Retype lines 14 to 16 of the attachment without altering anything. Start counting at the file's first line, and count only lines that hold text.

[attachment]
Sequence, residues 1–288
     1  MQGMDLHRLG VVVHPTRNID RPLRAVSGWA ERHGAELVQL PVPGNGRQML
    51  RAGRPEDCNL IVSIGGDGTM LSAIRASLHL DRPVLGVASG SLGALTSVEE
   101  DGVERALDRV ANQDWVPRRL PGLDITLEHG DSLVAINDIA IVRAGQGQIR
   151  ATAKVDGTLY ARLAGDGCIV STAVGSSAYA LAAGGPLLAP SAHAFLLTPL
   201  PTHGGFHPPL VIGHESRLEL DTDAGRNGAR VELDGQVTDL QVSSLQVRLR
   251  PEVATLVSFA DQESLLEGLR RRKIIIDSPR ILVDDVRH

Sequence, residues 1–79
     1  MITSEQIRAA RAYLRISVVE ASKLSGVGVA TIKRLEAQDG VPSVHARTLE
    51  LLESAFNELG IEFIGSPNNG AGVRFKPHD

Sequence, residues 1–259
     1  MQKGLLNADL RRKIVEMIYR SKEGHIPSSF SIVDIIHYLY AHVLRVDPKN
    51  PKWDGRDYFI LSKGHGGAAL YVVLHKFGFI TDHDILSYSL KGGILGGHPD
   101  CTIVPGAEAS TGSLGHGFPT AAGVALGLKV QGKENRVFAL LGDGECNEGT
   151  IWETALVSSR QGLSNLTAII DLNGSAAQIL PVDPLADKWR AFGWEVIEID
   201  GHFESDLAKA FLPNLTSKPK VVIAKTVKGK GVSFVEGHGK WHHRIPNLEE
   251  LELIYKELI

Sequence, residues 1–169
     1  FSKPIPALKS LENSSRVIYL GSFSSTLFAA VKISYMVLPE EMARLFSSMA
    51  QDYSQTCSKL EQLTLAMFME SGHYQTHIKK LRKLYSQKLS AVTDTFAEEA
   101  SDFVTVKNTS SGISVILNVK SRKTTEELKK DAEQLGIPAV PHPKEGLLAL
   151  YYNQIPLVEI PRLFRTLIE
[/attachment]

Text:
   101  CTIVPGAEAS TGSLGHGFPT AAGVALGLKV QGKENRVFAL LGDGECNEGT
   151  IWETALVSSR QGLSNLTAII DLNGSAAQIL PVDPLADKWR AFGWEVIEID
   201  GHFESDLAKA FLPNLTSKPK VVIAKTVKGK GVSFVEGHGK WHHRIPNLEE